# Question #bd6c7

Sodium (Na) is an alkali metal. It belongs to group 1, and all the elements in group 1 have one valence electron.

Sodium has an electron configuration of: $1 {s}^{2} 2 {s}^{2} 2 {p}^{6} 3 {s}^{1}$

The valence electron is the one electron located in the 3s sublevel.

Here is a video to help with this concept:

video from: Noel Pauller

Mar 4, 2015

Actually, soidum's group number in the periodic table does match its number of valence electrons - soidum is in group 1 and has exactly 1 valence electron.

As you know, valence electrons are the electrons located in the outermost shell of an atom. If you're familiar with electron configurations, you can easily see that this is the case by examining the number of electrons sodium has in its outermost shell.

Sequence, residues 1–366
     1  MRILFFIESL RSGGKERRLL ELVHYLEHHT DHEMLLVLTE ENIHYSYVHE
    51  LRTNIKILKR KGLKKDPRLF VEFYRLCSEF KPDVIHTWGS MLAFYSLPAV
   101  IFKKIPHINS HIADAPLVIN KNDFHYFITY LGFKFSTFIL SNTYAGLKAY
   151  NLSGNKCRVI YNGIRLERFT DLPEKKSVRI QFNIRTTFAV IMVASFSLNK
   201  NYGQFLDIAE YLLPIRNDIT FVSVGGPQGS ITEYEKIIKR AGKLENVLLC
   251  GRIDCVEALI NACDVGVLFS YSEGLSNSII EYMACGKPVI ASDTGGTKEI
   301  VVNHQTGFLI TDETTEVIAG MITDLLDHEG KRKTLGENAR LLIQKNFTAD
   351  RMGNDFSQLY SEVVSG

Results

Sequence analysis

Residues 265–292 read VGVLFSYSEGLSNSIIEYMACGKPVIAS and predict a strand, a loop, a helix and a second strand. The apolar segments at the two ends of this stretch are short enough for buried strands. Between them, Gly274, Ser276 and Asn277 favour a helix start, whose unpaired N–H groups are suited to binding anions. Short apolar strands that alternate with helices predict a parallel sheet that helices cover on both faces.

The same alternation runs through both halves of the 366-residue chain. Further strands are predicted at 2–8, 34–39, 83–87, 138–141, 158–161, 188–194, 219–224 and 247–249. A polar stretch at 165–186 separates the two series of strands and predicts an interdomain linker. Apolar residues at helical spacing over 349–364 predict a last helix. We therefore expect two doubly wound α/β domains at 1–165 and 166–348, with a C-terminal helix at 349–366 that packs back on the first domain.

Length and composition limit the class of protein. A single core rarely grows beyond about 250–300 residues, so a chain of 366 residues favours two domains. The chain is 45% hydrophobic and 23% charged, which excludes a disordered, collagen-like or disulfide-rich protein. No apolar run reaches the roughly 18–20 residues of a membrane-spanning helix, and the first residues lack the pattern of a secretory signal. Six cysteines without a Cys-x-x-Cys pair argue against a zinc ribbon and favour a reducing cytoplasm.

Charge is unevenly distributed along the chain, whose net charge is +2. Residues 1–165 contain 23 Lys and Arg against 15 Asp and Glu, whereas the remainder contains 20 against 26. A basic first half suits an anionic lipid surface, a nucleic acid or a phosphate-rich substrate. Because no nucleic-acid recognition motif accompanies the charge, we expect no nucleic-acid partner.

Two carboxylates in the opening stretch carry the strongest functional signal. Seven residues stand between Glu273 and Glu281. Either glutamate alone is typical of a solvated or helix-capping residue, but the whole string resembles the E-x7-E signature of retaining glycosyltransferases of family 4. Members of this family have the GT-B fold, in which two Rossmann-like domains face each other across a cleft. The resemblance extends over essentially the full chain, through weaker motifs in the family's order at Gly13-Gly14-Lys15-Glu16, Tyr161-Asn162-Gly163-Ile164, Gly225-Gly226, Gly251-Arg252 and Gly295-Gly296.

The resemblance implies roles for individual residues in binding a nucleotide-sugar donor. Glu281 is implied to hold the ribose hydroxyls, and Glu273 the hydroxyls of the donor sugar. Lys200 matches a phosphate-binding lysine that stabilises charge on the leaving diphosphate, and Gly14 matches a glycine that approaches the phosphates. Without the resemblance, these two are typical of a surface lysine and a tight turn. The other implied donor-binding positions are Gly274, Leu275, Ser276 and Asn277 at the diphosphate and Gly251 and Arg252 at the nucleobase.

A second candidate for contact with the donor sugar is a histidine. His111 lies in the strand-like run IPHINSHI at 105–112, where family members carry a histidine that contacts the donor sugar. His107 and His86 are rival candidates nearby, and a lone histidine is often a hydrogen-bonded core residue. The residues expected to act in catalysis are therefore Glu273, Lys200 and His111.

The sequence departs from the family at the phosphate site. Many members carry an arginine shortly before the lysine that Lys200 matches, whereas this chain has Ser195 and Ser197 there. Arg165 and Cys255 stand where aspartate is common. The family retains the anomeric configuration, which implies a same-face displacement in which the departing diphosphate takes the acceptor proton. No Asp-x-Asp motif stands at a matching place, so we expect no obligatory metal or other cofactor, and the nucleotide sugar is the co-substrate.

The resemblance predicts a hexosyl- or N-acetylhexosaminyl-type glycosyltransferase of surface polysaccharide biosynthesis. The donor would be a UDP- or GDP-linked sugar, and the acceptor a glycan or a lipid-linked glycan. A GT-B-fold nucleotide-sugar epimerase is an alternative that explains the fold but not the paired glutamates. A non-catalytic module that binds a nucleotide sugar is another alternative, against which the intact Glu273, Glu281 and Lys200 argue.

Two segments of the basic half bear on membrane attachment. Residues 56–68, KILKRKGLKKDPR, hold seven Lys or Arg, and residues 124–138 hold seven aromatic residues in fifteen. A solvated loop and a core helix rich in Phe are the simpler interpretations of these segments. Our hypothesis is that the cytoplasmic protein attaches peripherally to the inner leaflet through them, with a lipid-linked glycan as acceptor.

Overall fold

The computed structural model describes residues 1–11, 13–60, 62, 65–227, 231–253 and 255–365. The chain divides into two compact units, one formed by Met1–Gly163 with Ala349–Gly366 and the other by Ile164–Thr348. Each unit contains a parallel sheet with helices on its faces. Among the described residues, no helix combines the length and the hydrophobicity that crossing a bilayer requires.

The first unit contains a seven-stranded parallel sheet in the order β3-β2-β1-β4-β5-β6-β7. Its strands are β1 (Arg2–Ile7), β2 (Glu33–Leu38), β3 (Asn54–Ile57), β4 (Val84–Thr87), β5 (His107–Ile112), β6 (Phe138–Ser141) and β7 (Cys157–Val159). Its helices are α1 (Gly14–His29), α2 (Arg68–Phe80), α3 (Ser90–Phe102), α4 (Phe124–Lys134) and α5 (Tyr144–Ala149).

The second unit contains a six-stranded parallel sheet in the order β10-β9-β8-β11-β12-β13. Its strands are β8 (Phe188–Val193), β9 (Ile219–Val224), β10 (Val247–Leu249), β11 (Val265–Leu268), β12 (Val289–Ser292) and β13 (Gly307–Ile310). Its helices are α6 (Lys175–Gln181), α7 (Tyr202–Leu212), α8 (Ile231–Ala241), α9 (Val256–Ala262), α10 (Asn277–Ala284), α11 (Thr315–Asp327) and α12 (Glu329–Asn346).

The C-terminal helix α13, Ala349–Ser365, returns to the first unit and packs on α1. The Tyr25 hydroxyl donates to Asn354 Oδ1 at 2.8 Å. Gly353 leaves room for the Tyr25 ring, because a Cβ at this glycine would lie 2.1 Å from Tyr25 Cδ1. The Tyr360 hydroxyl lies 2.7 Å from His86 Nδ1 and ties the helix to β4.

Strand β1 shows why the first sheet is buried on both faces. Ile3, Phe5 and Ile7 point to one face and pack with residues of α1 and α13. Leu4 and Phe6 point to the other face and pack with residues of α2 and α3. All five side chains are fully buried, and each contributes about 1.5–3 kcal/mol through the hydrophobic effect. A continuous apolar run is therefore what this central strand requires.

Since sodium's atomic number is 11, a neutral sodium atom will have a total of 11 electrons surrounding its nucleus. Its electron configuration is

$\text{Na} : 1 {s}^{2} 2 {s}^{2} 2 {p}^{6} 3 {s}^{1}$

So, sodium's outermost shell, which is sometimes referred to as the valence shell, is 3s. Since this shell is occupied by just one electron, that's how many valence electrons neutral sodium will have $\to$ 1.

Notice that the sodium cation is formed when that single valence electron is removed from the 3s shell, which allows sodium to have a full octet.